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Pathfinder Movie (2007) Review: Gruesome + Dumb Actioner

Pathfinder movie Karl Urban 2007Pathfinder movie (2007) with Karl Urban. Budgeted at a reported $45 million, Marcus Nispel’s U.S.-Canada remake of Nils Gaup’s 1987 Best Foreign Language Film Oscar nominee (Norway) turned out to be a critical and commercial bomb.
  • Pathfinder (2007) movie review: Set in North America in the late first millennium, Marcus Nispel’s action drama is both simple-minded and gratuitously gruesome.

Pathfinder movie review: Excessive gore & infantilized action sequences undermine Marcus Nispel’s period actioner

One man with a big sword challenges a horde of ruthless butchers in Pathfinder, a movie crippled by an excessive amount of gruesome slaughter and idiotic action sequences.

For most of its 98 minutes, this lackluster adventure looks like your typical video game, in which a heroic figure must mow down randomly appearing enemies to advance to the next level.

Pre-Columbian European invaders

Set 600 years before Columbus, Pathfinder tells the story of an abandoned Viking boy adopted by Native Americans and raised as one of them. Fifteen years later, he has grown into a warrior named Ghost (Karl Urban), who vows to destroy anyone seeking to harm his guardians.

Soon after, a troop of barbaric Norsemen drop anchor in North America in an attempt to eradicate its people and thus claim possession of the land. Driven by revenge, Ghost sets out on a perilous mission to kill as many Vikings as he can.

Rotten remake

It’s hard to believe that a movie as monotonous as Pathfinder is based on Nils Gaup’s screenplay for his 1987 Norwegian period action drama of the same name (original title: Ofelas), which received an Oscar nomination for Best Foreign Language Film.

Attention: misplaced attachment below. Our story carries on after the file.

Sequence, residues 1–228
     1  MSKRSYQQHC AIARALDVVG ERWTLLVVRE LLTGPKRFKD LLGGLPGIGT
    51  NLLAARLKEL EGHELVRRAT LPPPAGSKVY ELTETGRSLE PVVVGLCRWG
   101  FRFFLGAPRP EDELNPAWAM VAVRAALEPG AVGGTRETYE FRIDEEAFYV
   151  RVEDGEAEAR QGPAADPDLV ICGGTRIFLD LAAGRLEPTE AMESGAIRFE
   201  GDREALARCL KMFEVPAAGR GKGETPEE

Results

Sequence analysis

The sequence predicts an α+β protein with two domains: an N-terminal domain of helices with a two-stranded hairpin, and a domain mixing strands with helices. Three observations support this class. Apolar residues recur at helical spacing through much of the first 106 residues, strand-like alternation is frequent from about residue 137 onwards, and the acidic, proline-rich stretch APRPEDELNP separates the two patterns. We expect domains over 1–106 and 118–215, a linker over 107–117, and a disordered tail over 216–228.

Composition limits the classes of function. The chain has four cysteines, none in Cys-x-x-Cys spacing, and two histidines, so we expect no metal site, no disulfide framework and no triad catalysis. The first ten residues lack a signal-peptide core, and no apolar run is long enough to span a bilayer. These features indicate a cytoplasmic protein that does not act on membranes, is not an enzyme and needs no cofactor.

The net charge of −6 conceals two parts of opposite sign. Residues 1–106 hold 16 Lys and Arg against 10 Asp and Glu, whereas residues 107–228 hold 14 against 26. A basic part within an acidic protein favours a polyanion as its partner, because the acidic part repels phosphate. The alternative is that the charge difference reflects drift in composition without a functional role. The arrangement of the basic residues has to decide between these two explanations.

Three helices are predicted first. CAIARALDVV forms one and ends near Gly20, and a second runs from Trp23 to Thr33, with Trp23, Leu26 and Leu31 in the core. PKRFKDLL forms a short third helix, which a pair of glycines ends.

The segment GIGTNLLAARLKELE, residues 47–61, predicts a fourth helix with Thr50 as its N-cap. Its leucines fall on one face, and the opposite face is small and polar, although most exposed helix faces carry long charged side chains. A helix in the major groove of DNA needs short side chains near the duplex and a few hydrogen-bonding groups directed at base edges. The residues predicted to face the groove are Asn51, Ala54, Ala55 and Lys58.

But then again, this updated version written by Laeta Kalogridis (she of Oliver Stone’s Alexander) and directed by Marcus Nispel (he of several music videos and The Texas Chainsaw Massacre remake) heads into a totally different direction.

The crucial downside of this revamped tale is that the filmmakers put no emphasis whatsoever on characters or story development. Consequently, the plot suffers from slumber-inducing simple-mindedness: The Vikings show up and kill, Ghost strikes back and takes his revenge, and before we know it the movie is over.

And why should anyone care?

Neither Ghost nor his close friends carry even a modicum of personality.

Gore galore

Although Pathfinder’s numerous action sequences are generally well made, they also tend to be repetitive.

Even worse, most of what takes place on screen comes down to a free-for-all bloodbath, packed with decapitations and geysers of human blood. In one scene, for instance, we get to watch the Vikings literally tear off the four limbs of an old man.

Legend better left untold

Other than its high degree of violence, Pathfinder has absolutely nothing else to offer.

The sparse dialogue is mostly undermined by the subtitled roaring of the Norsemen, who look and behave like giant orcs from The Lord of the Rings. The few spoken lines in English are cheesy and shallow, and come down to something like: “Run and you may live. Fight them, you will die.”

Historians will probably curse Pathfinder for its inaccurate portrayal of the Vikings, but since the movie makes it clear that its plot is based on an untold legend, it really doesn’t matter. What matters is that said legend should have been left untold.

Pathfinder (2007)

Director: Marcus Nispel.

Screenplay: Laeta Kalogridis.
From Nils Gaup’s screenplay for the 1987 Norwegian film Pathfinder / Ofelas.

Cast: Karl Urban. Moon Bloodgood. Russell Means. Jay Tavare. Nathaniel Arcand. Kevin Loring. Ralf Moeller.

Pathfinder Movie (2007) Review: Gruesome + Dumb Actioner” review text © Franck Tabouring; excerpt, image captions, bullet point introduction, and notes/endnotes © Alt Film Guide.


Pathfinder Movie (2007) Review” endnotes

Karl Urban Pathfinder movie image: 20th Century Fox.

Pathfinder Movie (2007) Review: Gruesome + Dumb Actioner” last updated in September 2021.

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